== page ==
The White House has banned personal cell phones and electronic devices within the West Wing complex. The ban was contained in a memo issued on Wednesday by Chief of Staff John Kelly.
According to the memo, the policy which takes effect January 16, is intended “to protect White House information technology infrastructure from compromise and sensitive or classified information from unauthorized access or dissemination.”
ABC News however quotes one senior White House official as saying that the ban is really more about preventing those embarrassing and politically damaging leaks that have plagued Trump’s first year in office.
“It’s designed to prevent leaks and ensure the productivity of the people who work here,” the official said.
The banned items include laptops, smartwatches and devices with WiFi, Bluetooth, radio, or cellular capabilities and any portable device that emits an electric signal and was not issued by the White House Communications Agency.
Staff working in the West Wing were advised to leave the prohibited devices at home, in their vehicles or their non West Wing offices. There are also lockers available for storing the devices..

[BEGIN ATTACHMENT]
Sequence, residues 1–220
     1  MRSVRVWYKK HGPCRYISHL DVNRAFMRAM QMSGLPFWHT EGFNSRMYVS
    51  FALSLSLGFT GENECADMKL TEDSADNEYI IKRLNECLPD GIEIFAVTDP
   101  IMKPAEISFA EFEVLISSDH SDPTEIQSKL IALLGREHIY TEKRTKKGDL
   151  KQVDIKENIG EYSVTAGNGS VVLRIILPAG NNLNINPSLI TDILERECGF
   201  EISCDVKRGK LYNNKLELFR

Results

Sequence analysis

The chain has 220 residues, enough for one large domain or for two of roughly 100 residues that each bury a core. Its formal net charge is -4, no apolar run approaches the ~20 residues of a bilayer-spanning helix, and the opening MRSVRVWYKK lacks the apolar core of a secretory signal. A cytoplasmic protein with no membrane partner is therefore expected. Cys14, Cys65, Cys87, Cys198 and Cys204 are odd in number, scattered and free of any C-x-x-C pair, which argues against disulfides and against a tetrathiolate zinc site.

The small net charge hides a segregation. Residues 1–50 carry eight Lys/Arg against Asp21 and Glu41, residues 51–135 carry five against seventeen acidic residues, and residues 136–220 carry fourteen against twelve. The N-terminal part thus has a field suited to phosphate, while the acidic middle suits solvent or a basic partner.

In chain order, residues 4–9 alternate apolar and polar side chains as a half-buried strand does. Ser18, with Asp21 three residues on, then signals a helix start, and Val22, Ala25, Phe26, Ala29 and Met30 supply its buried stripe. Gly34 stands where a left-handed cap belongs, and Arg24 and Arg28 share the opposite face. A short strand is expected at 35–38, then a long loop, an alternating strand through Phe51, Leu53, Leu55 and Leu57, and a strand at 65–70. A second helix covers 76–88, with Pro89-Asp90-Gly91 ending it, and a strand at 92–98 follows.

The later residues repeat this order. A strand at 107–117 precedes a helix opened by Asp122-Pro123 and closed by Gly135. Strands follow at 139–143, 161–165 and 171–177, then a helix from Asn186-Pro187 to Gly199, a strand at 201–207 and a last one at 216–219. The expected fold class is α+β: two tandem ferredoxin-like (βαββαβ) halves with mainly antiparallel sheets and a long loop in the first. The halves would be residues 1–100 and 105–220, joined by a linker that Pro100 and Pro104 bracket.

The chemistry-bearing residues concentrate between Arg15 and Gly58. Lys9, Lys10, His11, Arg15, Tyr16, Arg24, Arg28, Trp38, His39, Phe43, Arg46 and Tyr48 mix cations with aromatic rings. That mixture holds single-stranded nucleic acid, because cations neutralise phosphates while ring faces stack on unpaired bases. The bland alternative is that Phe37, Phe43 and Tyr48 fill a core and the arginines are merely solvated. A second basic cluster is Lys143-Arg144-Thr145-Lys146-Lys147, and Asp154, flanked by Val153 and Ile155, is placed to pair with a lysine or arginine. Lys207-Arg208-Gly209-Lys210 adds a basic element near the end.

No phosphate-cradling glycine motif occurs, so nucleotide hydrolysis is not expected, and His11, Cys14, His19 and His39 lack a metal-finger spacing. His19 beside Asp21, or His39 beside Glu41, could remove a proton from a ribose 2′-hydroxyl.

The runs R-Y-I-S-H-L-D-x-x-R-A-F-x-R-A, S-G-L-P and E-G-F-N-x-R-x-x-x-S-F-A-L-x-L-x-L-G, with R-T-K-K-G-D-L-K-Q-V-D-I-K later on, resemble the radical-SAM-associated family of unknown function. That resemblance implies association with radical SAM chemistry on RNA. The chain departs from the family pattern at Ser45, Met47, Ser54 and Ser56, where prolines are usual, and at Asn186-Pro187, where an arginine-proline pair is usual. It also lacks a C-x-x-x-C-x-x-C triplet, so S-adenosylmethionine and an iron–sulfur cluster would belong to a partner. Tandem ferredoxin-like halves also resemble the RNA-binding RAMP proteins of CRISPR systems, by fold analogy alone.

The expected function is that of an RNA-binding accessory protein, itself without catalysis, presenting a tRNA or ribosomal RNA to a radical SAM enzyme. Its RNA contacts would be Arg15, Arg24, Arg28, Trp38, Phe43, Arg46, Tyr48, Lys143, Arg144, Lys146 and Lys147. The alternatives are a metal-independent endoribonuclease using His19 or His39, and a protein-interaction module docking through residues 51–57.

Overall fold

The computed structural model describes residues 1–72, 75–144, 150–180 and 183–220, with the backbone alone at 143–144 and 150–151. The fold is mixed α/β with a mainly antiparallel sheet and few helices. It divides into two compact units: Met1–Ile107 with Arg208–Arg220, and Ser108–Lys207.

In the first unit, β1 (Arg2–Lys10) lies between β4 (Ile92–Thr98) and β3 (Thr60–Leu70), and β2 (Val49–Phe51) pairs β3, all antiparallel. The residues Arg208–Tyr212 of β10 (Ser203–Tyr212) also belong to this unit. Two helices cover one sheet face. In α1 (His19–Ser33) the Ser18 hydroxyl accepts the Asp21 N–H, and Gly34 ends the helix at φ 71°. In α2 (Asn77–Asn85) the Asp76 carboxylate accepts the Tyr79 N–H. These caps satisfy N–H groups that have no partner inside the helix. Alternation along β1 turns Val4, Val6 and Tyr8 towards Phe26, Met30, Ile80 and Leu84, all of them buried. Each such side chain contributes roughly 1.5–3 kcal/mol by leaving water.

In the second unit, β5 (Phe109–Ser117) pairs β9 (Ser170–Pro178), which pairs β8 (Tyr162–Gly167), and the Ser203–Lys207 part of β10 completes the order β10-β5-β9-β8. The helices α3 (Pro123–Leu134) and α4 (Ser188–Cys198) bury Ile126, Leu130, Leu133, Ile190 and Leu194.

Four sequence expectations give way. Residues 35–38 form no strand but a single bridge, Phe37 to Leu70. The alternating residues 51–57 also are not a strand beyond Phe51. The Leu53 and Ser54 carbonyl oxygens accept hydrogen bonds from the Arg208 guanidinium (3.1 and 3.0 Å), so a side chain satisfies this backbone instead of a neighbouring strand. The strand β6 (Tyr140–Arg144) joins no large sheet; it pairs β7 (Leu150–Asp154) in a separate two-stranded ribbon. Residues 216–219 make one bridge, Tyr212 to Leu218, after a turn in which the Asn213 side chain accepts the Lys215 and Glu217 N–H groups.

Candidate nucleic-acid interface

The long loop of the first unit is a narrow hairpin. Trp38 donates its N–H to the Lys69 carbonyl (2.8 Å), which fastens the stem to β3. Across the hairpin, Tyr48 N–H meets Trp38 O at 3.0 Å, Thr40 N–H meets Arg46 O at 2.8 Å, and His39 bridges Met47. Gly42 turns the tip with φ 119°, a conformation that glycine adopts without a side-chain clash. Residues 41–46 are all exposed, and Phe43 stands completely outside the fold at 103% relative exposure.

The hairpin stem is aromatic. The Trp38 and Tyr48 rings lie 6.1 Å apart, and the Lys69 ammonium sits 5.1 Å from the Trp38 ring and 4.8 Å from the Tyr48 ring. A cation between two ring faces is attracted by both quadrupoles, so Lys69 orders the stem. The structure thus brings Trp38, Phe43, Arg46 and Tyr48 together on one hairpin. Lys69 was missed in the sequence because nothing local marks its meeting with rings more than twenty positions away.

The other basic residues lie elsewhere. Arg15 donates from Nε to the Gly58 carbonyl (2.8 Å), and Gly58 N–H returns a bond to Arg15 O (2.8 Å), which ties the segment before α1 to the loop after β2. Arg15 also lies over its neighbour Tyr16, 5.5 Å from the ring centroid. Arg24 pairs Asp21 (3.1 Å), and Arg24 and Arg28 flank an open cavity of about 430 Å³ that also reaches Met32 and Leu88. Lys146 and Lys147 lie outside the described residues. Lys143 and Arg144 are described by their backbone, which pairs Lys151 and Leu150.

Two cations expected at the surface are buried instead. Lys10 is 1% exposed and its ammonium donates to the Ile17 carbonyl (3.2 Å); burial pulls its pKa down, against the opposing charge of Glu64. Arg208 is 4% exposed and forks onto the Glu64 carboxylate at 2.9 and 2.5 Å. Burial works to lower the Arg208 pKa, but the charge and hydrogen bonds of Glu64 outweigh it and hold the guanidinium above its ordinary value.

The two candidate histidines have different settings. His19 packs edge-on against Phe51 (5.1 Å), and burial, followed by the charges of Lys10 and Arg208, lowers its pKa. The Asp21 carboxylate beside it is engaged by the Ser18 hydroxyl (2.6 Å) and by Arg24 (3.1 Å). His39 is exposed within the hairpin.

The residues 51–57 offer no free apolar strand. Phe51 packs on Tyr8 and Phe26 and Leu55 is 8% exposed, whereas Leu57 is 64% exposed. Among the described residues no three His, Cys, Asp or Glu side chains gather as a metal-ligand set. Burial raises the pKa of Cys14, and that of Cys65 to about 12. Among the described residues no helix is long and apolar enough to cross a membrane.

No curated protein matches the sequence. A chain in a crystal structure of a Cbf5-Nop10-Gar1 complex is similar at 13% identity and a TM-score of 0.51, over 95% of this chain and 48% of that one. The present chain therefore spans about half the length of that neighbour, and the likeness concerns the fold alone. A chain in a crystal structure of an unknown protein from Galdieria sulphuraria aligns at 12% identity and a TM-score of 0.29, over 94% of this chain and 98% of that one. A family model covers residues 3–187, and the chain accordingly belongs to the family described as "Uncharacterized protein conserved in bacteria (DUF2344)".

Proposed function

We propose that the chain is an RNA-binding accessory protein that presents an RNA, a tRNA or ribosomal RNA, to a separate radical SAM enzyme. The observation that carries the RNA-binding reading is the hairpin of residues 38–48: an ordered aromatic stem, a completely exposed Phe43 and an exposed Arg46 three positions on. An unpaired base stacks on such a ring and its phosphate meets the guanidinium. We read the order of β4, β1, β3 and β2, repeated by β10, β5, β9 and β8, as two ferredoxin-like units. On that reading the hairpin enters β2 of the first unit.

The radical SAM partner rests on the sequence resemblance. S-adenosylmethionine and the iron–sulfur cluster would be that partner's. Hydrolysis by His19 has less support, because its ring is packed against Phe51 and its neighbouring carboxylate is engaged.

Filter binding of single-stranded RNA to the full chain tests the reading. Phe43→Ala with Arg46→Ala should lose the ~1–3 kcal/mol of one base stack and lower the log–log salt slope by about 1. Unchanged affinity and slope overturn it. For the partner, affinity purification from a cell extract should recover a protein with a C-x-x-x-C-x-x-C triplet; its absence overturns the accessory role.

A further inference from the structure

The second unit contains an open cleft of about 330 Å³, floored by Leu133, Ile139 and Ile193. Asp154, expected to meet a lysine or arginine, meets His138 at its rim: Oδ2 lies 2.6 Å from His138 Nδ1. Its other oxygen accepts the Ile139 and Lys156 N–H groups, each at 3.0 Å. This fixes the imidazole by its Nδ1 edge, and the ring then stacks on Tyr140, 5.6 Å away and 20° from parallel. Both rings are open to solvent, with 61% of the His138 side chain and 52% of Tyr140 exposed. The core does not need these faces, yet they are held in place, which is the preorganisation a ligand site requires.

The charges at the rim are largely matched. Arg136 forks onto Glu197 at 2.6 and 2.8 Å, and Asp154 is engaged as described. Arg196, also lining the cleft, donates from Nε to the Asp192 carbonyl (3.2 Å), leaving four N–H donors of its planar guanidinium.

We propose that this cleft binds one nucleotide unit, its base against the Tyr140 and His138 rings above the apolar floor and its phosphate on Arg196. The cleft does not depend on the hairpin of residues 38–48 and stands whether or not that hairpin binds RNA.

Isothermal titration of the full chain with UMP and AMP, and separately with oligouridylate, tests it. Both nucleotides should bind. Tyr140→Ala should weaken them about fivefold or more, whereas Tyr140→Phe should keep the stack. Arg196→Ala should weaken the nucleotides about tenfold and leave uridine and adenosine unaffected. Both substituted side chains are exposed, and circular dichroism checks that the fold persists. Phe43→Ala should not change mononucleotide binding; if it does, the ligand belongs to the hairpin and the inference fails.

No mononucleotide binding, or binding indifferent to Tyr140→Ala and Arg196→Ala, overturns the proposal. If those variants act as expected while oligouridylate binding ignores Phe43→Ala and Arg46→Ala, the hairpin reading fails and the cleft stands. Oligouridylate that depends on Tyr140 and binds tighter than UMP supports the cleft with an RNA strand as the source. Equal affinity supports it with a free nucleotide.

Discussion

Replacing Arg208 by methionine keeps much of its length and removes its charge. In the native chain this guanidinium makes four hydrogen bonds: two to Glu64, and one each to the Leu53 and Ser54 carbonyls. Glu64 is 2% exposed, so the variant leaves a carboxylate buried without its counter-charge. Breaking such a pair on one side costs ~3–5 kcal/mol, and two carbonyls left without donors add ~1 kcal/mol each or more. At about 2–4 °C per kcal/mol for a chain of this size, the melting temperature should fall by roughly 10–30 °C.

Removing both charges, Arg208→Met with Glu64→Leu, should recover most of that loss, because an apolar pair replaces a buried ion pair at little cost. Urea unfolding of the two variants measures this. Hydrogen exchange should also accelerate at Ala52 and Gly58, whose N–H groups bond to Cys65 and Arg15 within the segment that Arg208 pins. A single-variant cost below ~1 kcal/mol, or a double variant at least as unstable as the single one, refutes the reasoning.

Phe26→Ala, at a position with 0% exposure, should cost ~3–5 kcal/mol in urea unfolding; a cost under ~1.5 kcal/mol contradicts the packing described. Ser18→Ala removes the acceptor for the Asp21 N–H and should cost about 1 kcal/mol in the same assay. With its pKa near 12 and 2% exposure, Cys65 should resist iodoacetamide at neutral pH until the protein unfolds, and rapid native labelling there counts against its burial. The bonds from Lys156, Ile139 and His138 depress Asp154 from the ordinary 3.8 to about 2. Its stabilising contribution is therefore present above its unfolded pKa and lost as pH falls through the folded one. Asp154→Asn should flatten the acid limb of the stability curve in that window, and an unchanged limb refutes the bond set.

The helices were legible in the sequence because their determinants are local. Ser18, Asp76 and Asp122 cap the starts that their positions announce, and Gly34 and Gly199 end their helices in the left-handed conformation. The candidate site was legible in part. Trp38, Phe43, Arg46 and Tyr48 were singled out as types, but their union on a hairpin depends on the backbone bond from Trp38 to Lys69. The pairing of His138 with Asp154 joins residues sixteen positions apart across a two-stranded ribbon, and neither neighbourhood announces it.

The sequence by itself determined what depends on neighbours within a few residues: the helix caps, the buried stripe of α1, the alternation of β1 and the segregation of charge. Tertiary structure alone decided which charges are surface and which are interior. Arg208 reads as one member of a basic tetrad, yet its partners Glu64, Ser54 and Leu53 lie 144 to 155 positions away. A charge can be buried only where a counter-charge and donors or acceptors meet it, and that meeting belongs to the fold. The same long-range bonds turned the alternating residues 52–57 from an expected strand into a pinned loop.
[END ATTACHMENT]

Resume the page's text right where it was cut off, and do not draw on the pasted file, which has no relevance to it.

The memo stressed that “violations of this policy by EOP staff are security incidents that may indicate knowing, willful, or negligent conduct in violation of security policy and may therefore result in disciplinary action and, for other Federal employees and visitors, may include being indefinitely prohibited from entering the White House complex”.
The policy isn’t without precedent in federal buildings. For example, due to security concerns, personal cell phones are not permitted on the seventh floor of the State Department where the senior executive offices are located.
The memo added that “the West Wing” as stated in it, “means the facility generally located between the President’s Executive Residence and West Executive Drive.
“For purposes of this policy, the West Wing does not include the James S. Brady Press Briefing Room, any White House Press Corps work spaces, or any outdoor common area, such as the Rose Garden or the North Lawn media positions.”
White House Press Secretary Sarah Sanders said last week that the new ban has nothing to do with leaks to the press or the revelations in Michael Wolff’s book “Fire & Fury.”
“Absolutely not. That’s a ridiculous characterization. This is about the security and the integrity of the technology systems here at the White House,” Sanders said, according to ABC News
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